In November 2011, a team from the Center for Strategic and International Studies (CSIS) visited Zambia to produce a video on vaccination efforts -– their value, their implementation and the challenges they face. In the current global environment of austerity and ever-decreasing budgets, immunizations represent one of the pillars of global health that is a cost effective, proven intervention.
Beyond protecting millions of children every year from infectious diseases, vaccines often provide the backbone of the health care system. When a mother brings her child in for routine immunizations, it can be an entry point to provide her with other health services –- HIV counseling and testing, family planning information and services, and bed nets to protect her children from malaria. In this way, routine immunizations can also help the mother and the rest of the family to access health care.
However, not every mother and child is able to access these basic services. According to the Global Alliance for Vaccines and Immunizations (GAVI), globally “1.7 million children die from vaccine-preventable diseases every year.” In a country like Zambia, where distances are vast, basic road infrastructure is lacking and transportation is weak, reaching every child with immunizations can be very challenging. We talked to mothers who had walked for hours in very hot temperatures, often carrying a child on their backs with older children in tow, just to reach a health care facility for immunizations. Not every mother is able to travel these distances, or to make multiple journeys when more than one dose of the vaccine is required.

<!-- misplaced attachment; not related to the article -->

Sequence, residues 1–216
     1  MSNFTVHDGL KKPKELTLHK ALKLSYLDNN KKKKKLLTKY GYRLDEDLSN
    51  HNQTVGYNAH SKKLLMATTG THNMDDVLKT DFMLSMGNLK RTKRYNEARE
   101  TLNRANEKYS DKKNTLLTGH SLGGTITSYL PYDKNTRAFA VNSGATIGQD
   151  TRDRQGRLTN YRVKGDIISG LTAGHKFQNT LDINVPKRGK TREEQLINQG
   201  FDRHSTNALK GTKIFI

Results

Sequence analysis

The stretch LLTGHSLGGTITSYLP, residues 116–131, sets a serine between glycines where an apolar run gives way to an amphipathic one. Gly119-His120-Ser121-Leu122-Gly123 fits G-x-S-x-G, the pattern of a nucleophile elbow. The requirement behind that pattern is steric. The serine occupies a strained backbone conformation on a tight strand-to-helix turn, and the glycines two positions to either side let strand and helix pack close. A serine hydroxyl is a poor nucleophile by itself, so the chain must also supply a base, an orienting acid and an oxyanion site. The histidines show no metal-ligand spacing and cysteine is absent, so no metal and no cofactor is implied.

Myriad challenges also exist in delivering the vaccines. Among them, health care facilities often do not have sufficient numbers of trained staff to provide basic services. Despite this, there is a strong commitment to immunization programs in Zambia. The CSIS team visited the country during Child Health Week, a campaign that Zambia holds twice a year to reach more children with basic immunizations. Word of Child Health Week is spread via radio, television, community outreach workers, church leaders and schools. Recognizing that not every mother can access these services, health care workers often travel hours to reach children in remote parts of the country. In the districts we visited in Central Province, high rates of immunization coverage have been reached for measles and polio, which is due in part to the dedication of mothers and health care workers.
The CSIS video above aims to portray the complexities of immunization in Zambia and to make broader points about global immunization efforts.
-Video created by Janet Fleischman, Seth Gannon, Emma Curran and Julia Nagel